Obama's predecessor, George W. Bush was the one who coined the phrase "if they are not with us, they are against us", in the context of the war on terror following the 9/11 attacks.  Israel has been fighting a war on terror for much longer than this, and understands very well the fact that there can be no "abstentions" in this important issue.  Those who do not strongly support the fight and help to take steps to assist in eradicating terror, effectively enable it by their lack of action.  Those who do not actively work to eradicate the nuclear threat from Iran, are those who enable it.  Responsibility for this extremely worrying situation will fall to all of those who were happy to be spectators while it was clear that a nuclear weapon was being constructed by a rogue regime with full knowledge and in full sight of the world.  The UN was set up in the wake of the Second World War with a brief of preventing conflicts and avoid future wars.  This type of activity is surely exactly what the UN has been set up to act against.  Even though the clear understanding is that Iran's nuclear program has the worst of intentions, it is being allowed by the world, and by Barack Obama in particular, to proceed almost unimpeded.

With this background, it is hardly surprising that Obama doesn't have a place in the hearts of many Israelis.  There are those who claim that the Obama administration has done more than any other US administration to provide arms and funding for weapons to Israel.  It is also clear that a strong US economy is good for Israel's economy in many respects.  So, action taken by Obama to strengthen the US economy is good and extremely important for Israel's continued well-being.  But these are indirect, and often invisible to the Israeli eye.  The most public and obvious matters, being the Iran nuclear issue and the continued conflict with the Palestinians, particularly Hamas in Gaza, are always going to be the issues that grab the headlines.  These are also the things that will capture the attention of the Israeli public, and by which Obama's success and failure with regard to his policy on Israel will be measured.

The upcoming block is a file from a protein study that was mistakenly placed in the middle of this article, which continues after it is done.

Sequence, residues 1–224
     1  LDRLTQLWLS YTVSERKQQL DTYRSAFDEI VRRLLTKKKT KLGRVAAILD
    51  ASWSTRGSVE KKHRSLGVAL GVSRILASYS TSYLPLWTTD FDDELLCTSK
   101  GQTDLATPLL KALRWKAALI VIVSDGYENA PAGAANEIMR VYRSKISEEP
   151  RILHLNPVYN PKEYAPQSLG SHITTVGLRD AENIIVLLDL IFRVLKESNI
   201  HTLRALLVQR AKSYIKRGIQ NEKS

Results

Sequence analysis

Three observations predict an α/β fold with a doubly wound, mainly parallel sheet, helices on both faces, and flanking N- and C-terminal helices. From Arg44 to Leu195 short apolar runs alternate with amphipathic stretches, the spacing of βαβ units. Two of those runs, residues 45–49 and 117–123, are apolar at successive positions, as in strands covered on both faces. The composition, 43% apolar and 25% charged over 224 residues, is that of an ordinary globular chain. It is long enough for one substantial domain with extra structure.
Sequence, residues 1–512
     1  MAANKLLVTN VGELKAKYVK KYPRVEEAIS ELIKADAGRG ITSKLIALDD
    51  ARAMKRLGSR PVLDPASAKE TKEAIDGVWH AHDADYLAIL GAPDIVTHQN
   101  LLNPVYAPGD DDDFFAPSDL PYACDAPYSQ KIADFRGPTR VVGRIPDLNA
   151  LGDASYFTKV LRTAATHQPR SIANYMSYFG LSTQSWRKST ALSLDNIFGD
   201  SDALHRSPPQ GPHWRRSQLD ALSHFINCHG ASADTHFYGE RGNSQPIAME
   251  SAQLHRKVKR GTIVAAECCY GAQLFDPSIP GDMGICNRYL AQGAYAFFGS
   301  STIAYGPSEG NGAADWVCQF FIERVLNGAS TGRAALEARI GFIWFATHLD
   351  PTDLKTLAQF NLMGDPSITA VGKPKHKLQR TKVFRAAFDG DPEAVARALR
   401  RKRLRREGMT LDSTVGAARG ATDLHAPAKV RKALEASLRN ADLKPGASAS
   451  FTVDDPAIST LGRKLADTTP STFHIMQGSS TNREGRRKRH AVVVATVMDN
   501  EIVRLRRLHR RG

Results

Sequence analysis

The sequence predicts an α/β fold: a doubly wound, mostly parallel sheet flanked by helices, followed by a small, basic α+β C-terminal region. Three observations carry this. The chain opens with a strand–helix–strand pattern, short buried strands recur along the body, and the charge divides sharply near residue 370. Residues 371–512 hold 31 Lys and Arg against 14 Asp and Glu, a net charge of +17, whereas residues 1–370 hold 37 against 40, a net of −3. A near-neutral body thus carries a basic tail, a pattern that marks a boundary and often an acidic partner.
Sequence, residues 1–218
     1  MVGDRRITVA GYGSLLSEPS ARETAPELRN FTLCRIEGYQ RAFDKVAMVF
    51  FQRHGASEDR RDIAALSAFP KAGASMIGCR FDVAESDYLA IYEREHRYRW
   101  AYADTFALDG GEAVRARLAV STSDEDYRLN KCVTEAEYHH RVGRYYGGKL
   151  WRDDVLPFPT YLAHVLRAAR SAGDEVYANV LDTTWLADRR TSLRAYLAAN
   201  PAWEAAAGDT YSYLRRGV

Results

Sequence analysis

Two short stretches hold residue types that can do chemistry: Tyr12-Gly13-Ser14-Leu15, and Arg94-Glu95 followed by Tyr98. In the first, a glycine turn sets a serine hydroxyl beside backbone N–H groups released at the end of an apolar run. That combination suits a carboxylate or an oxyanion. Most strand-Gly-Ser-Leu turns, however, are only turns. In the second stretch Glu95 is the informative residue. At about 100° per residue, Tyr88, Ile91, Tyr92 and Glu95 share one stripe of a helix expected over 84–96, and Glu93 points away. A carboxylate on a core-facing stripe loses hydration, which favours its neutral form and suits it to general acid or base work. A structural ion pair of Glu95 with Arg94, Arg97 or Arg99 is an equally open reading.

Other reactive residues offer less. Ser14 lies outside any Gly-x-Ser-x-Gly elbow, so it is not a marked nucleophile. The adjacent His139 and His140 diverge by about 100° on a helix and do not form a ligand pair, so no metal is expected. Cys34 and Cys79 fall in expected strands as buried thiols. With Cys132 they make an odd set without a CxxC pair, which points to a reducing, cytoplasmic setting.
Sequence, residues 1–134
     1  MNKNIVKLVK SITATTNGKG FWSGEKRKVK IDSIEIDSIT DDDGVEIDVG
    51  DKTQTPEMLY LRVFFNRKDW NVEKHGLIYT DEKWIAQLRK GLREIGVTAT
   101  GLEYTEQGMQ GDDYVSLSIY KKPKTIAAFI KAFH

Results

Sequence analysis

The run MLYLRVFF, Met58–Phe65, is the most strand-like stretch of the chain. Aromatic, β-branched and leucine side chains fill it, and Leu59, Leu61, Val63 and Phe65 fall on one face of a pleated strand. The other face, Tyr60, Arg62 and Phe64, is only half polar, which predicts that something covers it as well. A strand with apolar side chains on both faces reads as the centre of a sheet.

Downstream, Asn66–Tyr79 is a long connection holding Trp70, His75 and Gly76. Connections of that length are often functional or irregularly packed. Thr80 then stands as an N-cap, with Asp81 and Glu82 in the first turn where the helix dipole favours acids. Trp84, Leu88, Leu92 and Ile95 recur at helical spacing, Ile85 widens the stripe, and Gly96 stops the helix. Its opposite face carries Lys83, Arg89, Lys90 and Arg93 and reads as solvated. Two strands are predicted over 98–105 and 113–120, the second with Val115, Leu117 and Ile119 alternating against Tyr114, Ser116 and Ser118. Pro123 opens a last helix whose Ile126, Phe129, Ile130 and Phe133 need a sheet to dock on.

What remains unclear, is the extent to which the personal lack of agreement between Netanyahu and Obama may affect Obama's Israel policy.  Netanyahu is reported to have got on the wrong side of Obama on more than one previous occasion, and was extremely clear in his support for Romney in the presidential election campaign.  Indications from the White House are, that this will not influence Obama's attitude towards Israel, but this remains to be seen.  Despite the lurch towards democracy by some Middle Eastern countries as a result of the Arab Spring, Israel is still the only truly democratic country in the Middle East that the US can truly rely upon as an ally.  Their partnership in the war on terror is also a critical for both the US and Israel.

Perhaps its a good thing that Israelis have a very low expectation of the support that Israel will get from the new Obama administration.  At least, this means that the chances for disappointment are much lower than was the case four years ago when he took office for the first time.  Of course, we would all like to be pleasantly surprised, but there is no expectation that this will be the case.  The real fear is that we will wake up one day during the course of the next few years, and find that Iran has a nuclear bomb.  This will change the shape of the Middle East, and of the world.  It is our hope that Obama will at least take action to prevent this nightmare becoming reality.  Even though Israel is known for acting independently where required, and is not bound to US agreement or support on these matters in any way, the problem is a global one and not one which is only a threat to Israel.  While Israel is clearly one of the main targets of the Iranian aggression, this issue should not be left entirely to Israel to take care of.  The US and other countries around the world have a clear share of responsibility.  The time to act is now.